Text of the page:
The averaged P300 amplitude distribution and its relationship with the FFMQ attentional awareness score prior to the intervention tasks. Left panel: showing the topographic map of the somatosensory P300 component, that is the mean amplitude in the 250–500-ms time window after onset of tactile oddballs; right panel: showing a scatterplot of the mean P300 amplitude at electrode CPz and the attentional awareness score of the FFMQ for each participant (grey circles), also including a trendline representing the strength of the correlation
Somatosensory ERPs averaged across midline electrodes elicited by tactile oddballs before the intervention (solid lines) and after the intervention (dotted lines) separate for the control (left panel) and mindfulness meditation group (right panel)
Objectives Mindfulness training has been theorised to have beneficial effects on mental health through initially changes in attention mechanisms. The aim of the present study was to assess the impact of a short mindfulness meditation on the P300 event-related potential (ERP), a neural marker of attention, in meditation-naïve participants. Methods As mindfulness practice is based on monitoring bodily sensations and breathing, we applied somatosensory stimuli to investigate attention changes. We employed an oddball paradigm with frequent tactile stimuli delivered to the tip of the index finger and infrequent stimuli to the base of the index and the little finger of the right hand to elicit the somatosensory P300. Forty-six participants counted the infrequent stimuli in two separate sessions before and after a 10-min guided meditation, or a control audio clip. We also measured participants’ trait mindfulness (FFMQ) and anxiety (STAI-T) to ensure similar levels in the meditation and control group prior to the intervention. Results In line with previous research, we show decreased somatosensory P300 amplitudes to infrequent tactile target stimuli after compared to before the audio clip in the control group. Such a decrease in P300 amplitudes was not present in the mindfulness meditation group as confirmed in a significant group by time interaction. Conclusions Even a short mindfulness meditation leads to preservation of attention resources in meditation-naïve participants. The preservation (or lack of habituation) of the amplitude of the somatosensory P300 across repeated presentations may reflect the underlying, early neural mechanism by which mindfulness meditation training modulates executive attention. Trial Registration Open Science Framework: https://osf.io/pkxm3.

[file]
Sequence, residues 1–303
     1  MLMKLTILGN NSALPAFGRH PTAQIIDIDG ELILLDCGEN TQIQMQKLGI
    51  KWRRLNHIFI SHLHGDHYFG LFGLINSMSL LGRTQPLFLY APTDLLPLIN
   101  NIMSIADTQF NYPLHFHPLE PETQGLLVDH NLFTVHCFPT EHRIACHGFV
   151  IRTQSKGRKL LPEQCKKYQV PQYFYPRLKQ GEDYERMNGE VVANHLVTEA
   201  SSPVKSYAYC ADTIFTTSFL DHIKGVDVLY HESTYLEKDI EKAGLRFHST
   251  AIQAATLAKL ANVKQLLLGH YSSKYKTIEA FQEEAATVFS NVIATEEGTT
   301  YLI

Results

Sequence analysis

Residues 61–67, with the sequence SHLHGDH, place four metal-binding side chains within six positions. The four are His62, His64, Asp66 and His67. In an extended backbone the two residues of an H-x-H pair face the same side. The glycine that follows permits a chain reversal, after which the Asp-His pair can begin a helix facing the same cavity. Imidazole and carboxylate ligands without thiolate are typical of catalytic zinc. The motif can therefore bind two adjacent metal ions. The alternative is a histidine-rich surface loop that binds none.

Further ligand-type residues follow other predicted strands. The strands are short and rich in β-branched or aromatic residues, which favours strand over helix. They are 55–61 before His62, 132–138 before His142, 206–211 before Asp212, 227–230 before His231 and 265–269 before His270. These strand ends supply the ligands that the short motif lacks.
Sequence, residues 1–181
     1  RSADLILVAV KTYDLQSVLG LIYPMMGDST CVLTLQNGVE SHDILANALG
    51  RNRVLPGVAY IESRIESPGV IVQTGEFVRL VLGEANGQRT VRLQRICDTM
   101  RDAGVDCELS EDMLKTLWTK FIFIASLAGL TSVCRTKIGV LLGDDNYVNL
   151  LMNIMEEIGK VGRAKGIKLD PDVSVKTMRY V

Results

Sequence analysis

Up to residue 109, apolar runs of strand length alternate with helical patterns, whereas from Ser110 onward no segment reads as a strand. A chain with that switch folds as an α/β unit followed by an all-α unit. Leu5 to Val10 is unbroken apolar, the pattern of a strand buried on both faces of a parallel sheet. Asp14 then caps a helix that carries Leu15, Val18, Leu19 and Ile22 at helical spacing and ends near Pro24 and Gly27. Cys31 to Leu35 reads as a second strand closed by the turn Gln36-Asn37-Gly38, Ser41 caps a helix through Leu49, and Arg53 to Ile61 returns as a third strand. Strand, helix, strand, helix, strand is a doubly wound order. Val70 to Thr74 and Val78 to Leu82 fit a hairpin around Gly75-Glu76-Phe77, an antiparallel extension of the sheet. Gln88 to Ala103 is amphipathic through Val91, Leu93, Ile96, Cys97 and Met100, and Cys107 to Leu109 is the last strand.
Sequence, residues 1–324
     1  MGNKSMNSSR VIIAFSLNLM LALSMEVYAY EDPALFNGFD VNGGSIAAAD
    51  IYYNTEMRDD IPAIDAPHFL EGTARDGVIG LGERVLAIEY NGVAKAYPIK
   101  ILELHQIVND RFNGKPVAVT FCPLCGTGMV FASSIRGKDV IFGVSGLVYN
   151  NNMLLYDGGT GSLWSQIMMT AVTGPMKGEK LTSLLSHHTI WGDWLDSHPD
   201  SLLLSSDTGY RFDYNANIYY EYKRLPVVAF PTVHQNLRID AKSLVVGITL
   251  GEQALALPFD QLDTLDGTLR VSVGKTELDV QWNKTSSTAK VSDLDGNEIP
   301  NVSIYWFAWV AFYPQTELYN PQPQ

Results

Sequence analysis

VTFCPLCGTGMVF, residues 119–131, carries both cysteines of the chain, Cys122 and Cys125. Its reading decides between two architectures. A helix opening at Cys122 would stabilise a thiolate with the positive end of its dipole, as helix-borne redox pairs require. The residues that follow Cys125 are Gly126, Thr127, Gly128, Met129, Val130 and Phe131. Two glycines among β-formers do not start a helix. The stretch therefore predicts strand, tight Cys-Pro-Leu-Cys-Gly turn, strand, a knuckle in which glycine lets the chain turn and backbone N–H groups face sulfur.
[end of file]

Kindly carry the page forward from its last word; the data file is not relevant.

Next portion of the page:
The mediation model of dispositional mindfulness (FFMQ), difficulties with emotion regulation, and depression. Note: In the mediation model, the coefficient in brackets is the influencing coefficient of the independent variable on the dependent variable. ***p < .001
Objectives Bereavement is a significant and stressful event that has a profound impact and can cause physical and psychological illness for the bereaved. To clarify the mechanisms underlying recovery from bereavement grief, the present study examines the relationship between dispositional mindfulness, difficulties with emotion regulation, and depressive, complicated grief. Methods Five hundred and nine bereaved Taiwanese participants completed the measures of dispositional mindfulness, grief, depression, and difficulties with emotion regulation scales, as well as the inventory of complicated grief. Mediation analyses were performed to explain the relationships between the variables. Two models were performed to test the hypotheses; one explored difficulties with emotion regulation as a mediator between dispositional mindfulness and depression, and the other explored the same mediator but employed complicated grief instead of depression as the dependent variable. Results The results showed that dispositional mindfulness was negatively related to depression, difficulties with emotion regulation, and complicated grief among the bereaved population. Emotion regulation fully mediated the relationship between dispositional mindfulness and depression but only partially mediated that between dispositional mindfulness and complicated grief. Conclusions This study provides information regarding the possible mechanisms whereby implementing mindfulness-based interventions with bereaved individuals who are suffering difficulties with emotion regulation might be useful. Given the limitations of the research design and participant recruitment, more studies are needed to explore the mechanisms of mindfulness underlying recovery from bereavement grief.